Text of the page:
I've been trying valiantly to work on a new piece the past few weeks, a shortish duo for Baroque guitar and theorbo, the first notes I've set to paper since finishing a biggish flute and harp piece in June. It's been tremendously difficult for some reason, not least my lack of familiarity with the instruments. I came up with a pretty chain of nine chords that oscillate ambiguously between A minor and B minor... and then proceeded to write some of the dullest music I've ever come up with. Every note has been a trial, and the whole process is getting slower and slower, which means that I've hit the wall with this particular line of inquiry.
One of my old teachers (and what is the study of composition but a years-long accumulation of choice quotes from teachers past?) once told me in an e-mail that mental resistance was a sign that you've taken a wrong turn. I've been banging my head against the wall with this one, hacking out what started as pretty patterns of even, running sixteenth-notes within my chords. The intent was to create a sort of pulsing, minimalist chaconne of seven variations, with an intro and extro of slightly different music.
But it's not working. The rhythmic structure isn't holding together, the patterns aren't that interesting, and the textural difference between the variations just isn't great enough. Sometimes it takes weeks just to get to the point where you admit that an idea isn't viable, or that you just can't get your head around it at the moment, for whatever reason. Maybe you're pressed for time, or the concept isn't as clear as it seemed when you started, or wasn't as developed as it should have been. I have a tendency to overcomplicate things at first, which may have happened here. I also thought I should write something rhythmic for a change, but perhaps the piece wants to be yet another slow, meditative one. Whatever the case, I now need to start over with something simpler and more direct. The chords will probably remain, as they're the one spontaneous element that I feel has real potential. They arose in a moment of improvisation at the keyboard, when I was getting used to the tuning of the instruments, and I have a sense that those chords are the piece, just not in the way that I thought.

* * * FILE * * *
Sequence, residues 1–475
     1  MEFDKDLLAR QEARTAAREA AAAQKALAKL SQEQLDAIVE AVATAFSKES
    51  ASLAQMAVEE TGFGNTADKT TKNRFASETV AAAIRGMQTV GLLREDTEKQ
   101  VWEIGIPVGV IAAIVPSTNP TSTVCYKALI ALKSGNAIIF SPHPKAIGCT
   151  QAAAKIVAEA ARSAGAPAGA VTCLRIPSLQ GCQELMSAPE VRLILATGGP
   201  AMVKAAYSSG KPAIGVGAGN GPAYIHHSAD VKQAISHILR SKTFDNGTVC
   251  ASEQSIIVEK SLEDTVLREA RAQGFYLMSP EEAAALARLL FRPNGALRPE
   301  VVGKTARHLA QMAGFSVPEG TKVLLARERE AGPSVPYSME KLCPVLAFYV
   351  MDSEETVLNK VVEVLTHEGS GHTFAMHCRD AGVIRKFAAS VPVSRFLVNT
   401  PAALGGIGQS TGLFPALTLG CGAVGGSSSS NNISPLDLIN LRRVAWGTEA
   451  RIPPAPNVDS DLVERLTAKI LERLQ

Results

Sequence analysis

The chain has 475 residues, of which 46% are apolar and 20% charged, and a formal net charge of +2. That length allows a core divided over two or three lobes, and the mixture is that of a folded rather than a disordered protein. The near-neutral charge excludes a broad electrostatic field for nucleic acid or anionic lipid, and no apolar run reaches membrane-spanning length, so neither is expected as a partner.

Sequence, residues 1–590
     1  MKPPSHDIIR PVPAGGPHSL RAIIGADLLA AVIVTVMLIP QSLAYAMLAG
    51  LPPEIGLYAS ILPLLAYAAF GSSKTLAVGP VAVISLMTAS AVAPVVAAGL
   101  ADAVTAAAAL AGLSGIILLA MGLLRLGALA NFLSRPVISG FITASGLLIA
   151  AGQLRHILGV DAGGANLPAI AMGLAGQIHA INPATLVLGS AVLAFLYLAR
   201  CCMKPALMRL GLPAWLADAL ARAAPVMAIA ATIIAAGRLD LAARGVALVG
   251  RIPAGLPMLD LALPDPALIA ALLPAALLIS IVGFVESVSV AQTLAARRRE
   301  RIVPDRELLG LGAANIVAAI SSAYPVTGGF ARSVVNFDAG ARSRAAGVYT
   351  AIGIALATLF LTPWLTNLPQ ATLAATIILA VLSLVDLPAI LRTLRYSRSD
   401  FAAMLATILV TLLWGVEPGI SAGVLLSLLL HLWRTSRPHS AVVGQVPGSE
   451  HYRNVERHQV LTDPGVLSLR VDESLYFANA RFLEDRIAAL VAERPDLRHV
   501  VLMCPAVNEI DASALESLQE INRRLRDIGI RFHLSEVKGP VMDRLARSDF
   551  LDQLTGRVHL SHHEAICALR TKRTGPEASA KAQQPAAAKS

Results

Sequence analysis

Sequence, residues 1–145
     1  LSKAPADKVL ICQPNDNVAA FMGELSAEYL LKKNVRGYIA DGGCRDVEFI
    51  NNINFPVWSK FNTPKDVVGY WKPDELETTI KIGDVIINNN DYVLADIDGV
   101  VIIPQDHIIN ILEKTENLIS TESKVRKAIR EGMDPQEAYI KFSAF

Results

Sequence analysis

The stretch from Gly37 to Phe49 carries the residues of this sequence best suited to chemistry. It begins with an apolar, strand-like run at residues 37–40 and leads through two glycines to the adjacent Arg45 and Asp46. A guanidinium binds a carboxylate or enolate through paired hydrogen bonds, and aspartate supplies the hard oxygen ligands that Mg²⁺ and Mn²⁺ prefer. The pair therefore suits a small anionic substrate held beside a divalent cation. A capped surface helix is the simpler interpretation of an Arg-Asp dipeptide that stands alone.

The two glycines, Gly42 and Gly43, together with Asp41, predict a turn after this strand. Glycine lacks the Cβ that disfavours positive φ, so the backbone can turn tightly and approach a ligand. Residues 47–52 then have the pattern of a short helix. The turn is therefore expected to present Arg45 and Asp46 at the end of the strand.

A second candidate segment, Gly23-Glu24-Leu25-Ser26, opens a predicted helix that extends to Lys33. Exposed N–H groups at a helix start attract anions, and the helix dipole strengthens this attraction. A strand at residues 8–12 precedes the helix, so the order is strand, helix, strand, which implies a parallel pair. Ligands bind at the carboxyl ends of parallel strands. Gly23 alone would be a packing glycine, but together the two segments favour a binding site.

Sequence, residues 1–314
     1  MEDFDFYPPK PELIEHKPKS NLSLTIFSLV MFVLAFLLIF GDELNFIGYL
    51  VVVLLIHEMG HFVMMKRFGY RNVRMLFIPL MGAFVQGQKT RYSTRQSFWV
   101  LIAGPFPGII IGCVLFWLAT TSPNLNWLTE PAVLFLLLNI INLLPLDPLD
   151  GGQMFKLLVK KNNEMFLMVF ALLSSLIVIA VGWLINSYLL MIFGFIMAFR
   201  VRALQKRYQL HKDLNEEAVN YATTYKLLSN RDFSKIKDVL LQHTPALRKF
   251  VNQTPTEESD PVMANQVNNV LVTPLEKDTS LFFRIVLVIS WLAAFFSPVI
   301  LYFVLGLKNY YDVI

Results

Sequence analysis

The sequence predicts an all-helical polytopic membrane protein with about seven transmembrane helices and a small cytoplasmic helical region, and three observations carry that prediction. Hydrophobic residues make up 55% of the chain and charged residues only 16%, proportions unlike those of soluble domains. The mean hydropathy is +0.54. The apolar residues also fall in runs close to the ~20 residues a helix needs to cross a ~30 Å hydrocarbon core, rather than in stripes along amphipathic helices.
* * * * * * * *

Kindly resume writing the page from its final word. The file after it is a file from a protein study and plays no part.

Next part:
My next attempt will be a series of boxes, with the two parts in independent rhythms, floating figures creating a more ambient soundworld. I'd planned on amplifying the players and experimenting with some live reverb and delay, and the technological aspect may take on a greater role. I'm definitely a stranger in a strange land here: unfamiliar instruments, unfamiliar processes, a much simpler harmonic language than anything I've used in the past. The whole experience feels very foreign, far from my usual mode of working, which is actually quite apt. I'm calling the piece The wine-dark sea, after fond memories of my honeymoon trip to Crete last year (see here for the precise moment of inspiration, if that sort of thing holds any appeal). At the time, I wrote about being surprised that the landscape there didn't resonate in a musical way for me. Still, I felt I needed to address some aspect of the experience, and I latched onto the sea as a catalyst, especially its ever-changing shades and densities of blue, which these chords, shifting slowly and gently from one to the next, seemed to evoke. However, what started as a tensely rhythmic piece may become a blissed-out dream recollection of a wonderful trip.
It's also a possibility that I'll return to the original idea and discover that I was right all along, but I doubt it. I went for a walk to clear my head, and thinking the matter through, I realized that my mind had given up on the idea a long time ago, and I've been flogging a dead horse. Despite being more or less back at square one, and with a deadline looming in a few weeks, that decision is a powerful one in the act of composition, a gut-level recognition that tears you away from a mistaken concept and gets you closer to the truth of the material, and thus the piece. There's a sense of liberation in walking away from an idea that, if I just pushed it to its conclusion, would do the job but nothing more, in order to find something special, different, memorable. Within reason, the goal of art should be never to settle for anything less.